Rosalind, daughter of Duke Senior, later disguised as a boy
Amiens and Jacques, Lords attending Duchess Senior
Duke Frederick, Duke Senior’s sibling and the usurper
Celia, Duke Frederick’s daughter and Rosalind’s companion, later disguised
Le Beau, a courtier
Charles, a wrestler
Touchstone, a clown in Duke Frederick’s court
Oliver, the eldest son of Sir Rowland de Bois
Orlando, the youngest son of Sir Rowland de Boys
Adam, an old servant of Sir Rowland de Boys
Dennis, Oliver’s servant
Corin, a shepherd
Silvius, a shepherd
Phoebe, a shepherdess
William, a country boy
Audrey, a goatherd
Sir Oliver Martext, a clergyman
Jaques de Boys, son of Sir Rowland de Bois
You Heard It Here First
Shakespeare has given us words and phrases that we use every day, but before he made them up they didn’t exist. Below are some familiar phrases and words that first hit the English language scene with As You Like It. Listen closely in the play to see if you can catch them all.
In a better world than this
Forever and a day
Laid on with a trowel
Neither rhyme nor reason
Want to find out more? Check out Coined by Shakespeare by Jeffrey McQuain and Stanley Malless for an in-depth study and fun exploration of Shakespeare’s creative wordplay.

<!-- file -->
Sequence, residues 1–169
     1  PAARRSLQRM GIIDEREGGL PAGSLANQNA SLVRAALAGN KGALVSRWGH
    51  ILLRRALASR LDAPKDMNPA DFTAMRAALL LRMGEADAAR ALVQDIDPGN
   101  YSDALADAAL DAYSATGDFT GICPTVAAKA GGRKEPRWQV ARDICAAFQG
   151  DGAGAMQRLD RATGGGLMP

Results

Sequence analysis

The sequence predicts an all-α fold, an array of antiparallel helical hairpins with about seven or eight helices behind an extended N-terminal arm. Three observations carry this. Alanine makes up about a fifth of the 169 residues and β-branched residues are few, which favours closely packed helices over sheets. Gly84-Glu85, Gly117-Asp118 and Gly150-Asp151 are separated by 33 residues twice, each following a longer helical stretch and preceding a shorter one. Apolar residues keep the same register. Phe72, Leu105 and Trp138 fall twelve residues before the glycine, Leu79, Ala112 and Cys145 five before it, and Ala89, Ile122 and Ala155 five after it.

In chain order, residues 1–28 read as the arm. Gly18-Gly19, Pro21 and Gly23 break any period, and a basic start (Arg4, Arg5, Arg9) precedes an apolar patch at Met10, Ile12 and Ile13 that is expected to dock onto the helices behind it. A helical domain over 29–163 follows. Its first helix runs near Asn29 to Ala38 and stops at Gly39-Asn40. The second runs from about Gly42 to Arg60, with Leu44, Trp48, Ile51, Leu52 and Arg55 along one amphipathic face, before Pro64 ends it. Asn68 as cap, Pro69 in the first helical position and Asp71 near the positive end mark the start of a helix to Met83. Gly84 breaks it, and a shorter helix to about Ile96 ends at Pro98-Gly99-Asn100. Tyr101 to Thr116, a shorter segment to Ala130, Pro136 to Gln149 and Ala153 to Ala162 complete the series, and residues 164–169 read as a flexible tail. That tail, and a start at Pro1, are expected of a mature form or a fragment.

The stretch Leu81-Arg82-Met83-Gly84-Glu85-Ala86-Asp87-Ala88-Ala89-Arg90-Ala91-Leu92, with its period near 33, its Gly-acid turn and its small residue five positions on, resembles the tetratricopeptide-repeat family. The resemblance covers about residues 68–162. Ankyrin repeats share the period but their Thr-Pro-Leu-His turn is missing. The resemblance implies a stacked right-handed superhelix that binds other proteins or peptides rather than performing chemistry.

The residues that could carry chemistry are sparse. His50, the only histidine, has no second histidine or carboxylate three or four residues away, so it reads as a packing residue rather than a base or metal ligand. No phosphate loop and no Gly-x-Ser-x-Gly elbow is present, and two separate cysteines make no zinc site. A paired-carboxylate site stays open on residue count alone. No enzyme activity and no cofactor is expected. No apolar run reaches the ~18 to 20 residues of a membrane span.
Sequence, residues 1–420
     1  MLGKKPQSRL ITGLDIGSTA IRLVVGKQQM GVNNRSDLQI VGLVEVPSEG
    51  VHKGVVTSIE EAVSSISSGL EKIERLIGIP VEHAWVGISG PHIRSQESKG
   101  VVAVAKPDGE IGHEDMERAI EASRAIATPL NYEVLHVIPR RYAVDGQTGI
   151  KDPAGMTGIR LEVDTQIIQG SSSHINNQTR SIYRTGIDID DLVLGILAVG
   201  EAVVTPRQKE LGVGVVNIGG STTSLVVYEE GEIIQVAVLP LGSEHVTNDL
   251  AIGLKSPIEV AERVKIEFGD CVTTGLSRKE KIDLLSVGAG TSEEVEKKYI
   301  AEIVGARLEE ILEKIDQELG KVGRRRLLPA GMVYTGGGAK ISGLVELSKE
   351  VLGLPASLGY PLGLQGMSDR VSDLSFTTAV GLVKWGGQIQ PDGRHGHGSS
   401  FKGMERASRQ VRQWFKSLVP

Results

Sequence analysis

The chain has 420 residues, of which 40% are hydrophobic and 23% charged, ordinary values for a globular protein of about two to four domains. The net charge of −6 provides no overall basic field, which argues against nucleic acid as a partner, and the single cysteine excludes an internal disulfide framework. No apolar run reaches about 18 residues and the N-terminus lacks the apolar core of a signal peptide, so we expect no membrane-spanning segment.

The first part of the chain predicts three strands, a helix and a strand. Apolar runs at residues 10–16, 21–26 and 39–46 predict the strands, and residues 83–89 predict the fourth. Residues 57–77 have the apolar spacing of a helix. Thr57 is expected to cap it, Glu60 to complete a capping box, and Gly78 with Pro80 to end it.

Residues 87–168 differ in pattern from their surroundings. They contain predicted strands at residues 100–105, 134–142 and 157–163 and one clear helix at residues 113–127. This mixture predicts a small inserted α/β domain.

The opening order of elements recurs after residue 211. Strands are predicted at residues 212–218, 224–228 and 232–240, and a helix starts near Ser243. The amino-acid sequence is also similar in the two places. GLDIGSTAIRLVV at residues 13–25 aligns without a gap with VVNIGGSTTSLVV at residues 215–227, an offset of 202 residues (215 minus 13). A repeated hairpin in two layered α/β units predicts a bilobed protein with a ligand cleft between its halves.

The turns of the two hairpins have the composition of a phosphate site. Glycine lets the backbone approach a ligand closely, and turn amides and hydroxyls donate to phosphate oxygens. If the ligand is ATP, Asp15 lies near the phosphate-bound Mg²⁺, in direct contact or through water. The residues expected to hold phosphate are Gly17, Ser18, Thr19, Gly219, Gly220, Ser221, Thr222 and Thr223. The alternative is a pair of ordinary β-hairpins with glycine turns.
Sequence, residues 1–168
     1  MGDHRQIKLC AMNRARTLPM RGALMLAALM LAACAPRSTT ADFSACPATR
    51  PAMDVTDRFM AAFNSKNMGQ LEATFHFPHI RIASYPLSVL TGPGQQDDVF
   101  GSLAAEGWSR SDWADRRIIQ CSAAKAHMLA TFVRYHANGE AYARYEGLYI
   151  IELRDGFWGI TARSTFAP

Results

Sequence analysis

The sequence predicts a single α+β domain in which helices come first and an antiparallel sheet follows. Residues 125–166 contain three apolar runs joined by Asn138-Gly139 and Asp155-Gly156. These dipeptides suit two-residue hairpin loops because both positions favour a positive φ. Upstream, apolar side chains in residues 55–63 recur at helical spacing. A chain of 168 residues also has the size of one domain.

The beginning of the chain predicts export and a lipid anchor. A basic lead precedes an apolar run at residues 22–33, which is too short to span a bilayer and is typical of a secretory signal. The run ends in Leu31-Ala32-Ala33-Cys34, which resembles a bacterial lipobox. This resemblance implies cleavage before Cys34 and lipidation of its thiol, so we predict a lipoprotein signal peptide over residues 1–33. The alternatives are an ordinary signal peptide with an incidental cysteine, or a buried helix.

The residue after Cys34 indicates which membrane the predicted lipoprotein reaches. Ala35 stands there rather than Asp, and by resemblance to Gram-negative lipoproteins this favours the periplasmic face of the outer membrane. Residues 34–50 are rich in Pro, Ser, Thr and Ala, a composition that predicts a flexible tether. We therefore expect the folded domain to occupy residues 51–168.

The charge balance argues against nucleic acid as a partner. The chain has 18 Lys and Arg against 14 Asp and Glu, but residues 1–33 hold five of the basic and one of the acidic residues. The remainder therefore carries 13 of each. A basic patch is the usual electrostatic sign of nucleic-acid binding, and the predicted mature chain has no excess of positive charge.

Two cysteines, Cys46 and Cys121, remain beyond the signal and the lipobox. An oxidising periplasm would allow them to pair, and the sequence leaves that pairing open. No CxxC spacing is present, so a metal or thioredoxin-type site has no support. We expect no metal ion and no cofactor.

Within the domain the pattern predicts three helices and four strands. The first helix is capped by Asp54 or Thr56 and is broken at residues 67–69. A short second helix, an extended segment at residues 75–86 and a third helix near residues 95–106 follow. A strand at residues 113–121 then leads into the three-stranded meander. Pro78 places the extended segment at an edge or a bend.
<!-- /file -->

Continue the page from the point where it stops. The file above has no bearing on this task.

When you know how the trick is done and you still believe it…that’s magic. That’s what we do for Wooden O.And what we’re doing is bringing free performing arts to our community. And what does that entail? And what does that mean? What that means is that there are a lot of people out there who don’t go to theatre. You’re going to share your art form with them this summer. They just don’t go. They can’t afford it. They live too far away. They think it’s too high brow. So we’re going to go and do that. We’re going to help them bridge that gap. So while we’re bridging that gap from a dead playwright from 400 years ago, we’re also going to bridge that gap for people in Tacoma, and Shoreline, and SeaTac, and Lynnwood. And they’re going to get to experience. They’re going to bridge that gap. That’s the continuum that we live in. That’s who we are. It also means, for the people who will be performing those shows that you will have to show up a little extra early, in a van, and unload a set, set up some costumes and tents. And be asked to make your preshow warm the exercise of setting up speakers. And doing your fight call in front of people who are already audience members. It means changing costumes in a tent that everyone can see. They’re not going to see you changing costumes, but they can see that tent where you’re changing. It also means that if you need to get around to behind the house to do an audience entrance that they’re going to see you doing that. But there’s theatre magic. And it doesn’t have to have a theatre to make theatre magic. And what Wooden O has capitalized on in the 22+ years that we’ve been doing it, is that whatever happens outside of that sacred space that we define, whether it’s already defined in the Luther Burbank Amphitheater monoliths, or your stage management team taping it out with architecture tape and spikes; you define that space and that’s magic space. And the moment you cross that threshold, the audience will buy whatever you’re selling them…because you believe in it. And that’s real theatrical magic. When you know how the trick is done and you still believe it…that’s magic. That’s what we do for Wooden O. So you’re going to have some scrappy times and you’re going to have some joyful times. And that’s part of the magic.